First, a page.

Study: TSA full-body scanners failed to detect guns, explosives

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The Transportation Security Administration’s full-body scanners failed to detect a number of potential weapons, including knives, guns and explosives, according to a study released this week.

The controversial scanners, which captured explicit images of passenger’s bodies, provided “weak protection against adaptive adversaries,” researchers from the University of California, San Diego; the University of Michigan and Johns Hopkins University concluded.

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“It is possible to conceal knives, guns, and explosives from detection by exploiting properties of the device’s backscatter X-ray technology,” the authors of the study wrote. 

The controversial "backscatter" X-ray machines produce black-and-white images of airline passengers as they are screened for security risks.

The TSA ended its contract with the company that produced them, Rapiscan, in 2013 after the developers failed to meet a congressionally mandated deadline to produce scanners that did not reveal images of the passengers.

The machines were replaced with a different type of scanner known as "millimeter wave" X-ray machines, which have been configured to show scans based on generic images of the human body. The new technology is referred to by TSA as Automated Target Recognition (ATR).

The backscatter X-ray machines were among the most criticized of TSA's airport security procedures. Critics worried about privacy argued that the images captured by the machines invaded the personal space of airline passengers, and they questioned the agency on what happened to those explicit pictures after the security checks are complete.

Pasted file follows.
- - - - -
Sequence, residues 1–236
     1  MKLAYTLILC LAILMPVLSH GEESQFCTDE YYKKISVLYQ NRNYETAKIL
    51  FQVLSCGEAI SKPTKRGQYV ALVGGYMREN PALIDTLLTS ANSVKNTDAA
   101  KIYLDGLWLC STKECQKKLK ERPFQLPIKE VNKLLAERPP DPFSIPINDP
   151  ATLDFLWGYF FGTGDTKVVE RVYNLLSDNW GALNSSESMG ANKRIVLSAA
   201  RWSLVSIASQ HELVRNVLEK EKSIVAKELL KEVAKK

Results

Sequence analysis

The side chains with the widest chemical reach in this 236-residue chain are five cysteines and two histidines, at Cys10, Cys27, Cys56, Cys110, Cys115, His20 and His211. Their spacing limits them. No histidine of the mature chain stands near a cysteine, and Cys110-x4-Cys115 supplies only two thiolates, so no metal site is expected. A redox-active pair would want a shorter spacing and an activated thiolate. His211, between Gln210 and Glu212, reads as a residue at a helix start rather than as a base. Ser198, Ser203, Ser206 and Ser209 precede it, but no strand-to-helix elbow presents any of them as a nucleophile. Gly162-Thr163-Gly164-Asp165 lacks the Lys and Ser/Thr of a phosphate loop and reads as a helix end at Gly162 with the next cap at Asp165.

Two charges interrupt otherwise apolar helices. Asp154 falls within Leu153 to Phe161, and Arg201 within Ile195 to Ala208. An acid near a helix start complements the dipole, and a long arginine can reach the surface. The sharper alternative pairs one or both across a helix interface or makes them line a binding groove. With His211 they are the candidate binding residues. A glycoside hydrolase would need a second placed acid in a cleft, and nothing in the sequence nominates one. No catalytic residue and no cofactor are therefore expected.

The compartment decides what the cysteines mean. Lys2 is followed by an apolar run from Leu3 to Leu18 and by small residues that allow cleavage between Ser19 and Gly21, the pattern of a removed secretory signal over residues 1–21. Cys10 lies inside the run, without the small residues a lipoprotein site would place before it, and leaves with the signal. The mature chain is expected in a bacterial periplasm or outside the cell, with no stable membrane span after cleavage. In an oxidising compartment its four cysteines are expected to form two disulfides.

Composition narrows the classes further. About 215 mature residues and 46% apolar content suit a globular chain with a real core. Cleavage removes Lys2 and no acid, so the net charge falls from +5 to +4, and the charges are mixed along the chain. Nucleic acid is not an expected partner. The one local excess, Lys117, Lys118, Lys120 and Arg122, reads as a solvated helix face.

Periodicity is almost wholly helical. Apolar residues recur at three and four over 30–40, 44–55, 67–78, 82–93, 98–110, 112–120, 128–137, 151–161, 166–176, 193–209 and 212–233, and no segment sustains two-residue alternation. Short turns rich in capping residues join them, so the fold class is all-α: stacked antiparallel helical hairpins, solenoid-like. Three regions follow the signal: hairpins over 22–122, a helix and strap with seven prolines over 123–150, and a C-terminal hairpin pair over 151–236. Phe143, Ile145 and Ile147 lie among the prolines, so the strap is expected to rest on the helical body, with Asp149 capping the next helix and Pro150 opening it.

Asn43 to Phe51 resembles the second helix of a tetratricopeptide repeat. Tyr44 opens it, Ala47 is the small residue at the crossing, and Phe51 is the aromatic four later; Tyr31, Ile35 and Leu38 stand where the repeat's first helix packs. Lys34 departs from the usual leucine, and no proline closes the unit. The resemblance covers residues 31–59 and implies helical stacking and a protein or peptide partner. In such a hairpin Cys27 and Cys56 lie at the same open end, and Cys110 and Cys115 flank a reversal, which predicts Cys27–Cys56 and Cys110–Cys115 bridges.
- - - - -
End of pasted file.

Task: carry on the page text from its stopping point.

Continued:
Critics also raised health concerns about the radiation that it is emitted from the backscatter X-ray machines.

The authors of the study said the machines were not effective in identifying threats on passengers, which was their primary purpose. 

“In laboratory tests with a real machine, we were able to conceal guns, knives, and explosive stimulants in such a way that they were not visible to the scanner operator,” the researchers wrote.

“We also studied the cyberphysical security of the machine and were able to show how an attacker could subvert the operator console software so that it would be possible to conceal all types of contraband.” 

TSA officials noted that the tests were conducted on versions of the X-ray machines that are commercially available, not the equipment it used in airports from 2009-2013. 

“Technology procured by the Transportation Security Administration goes through a rigorous testing and evaluation process, along with certification and accreditation,” the agency said in a statement to The Hill.

“This process ensures information technology security risks are identified and mitigation plans put in place, as necessary,” TSA added. “A majority of the equipment we utilize is not available for sale commercially or to any other entity; the agency regularly uses its own libraries, software and settings.”

The agency said its in-house security technologies were removed from the Rapiscan units before they transported from the nation’s airports. 

The study about the scanners will be presented on Thursday at the USENIX Security conference in San Diego.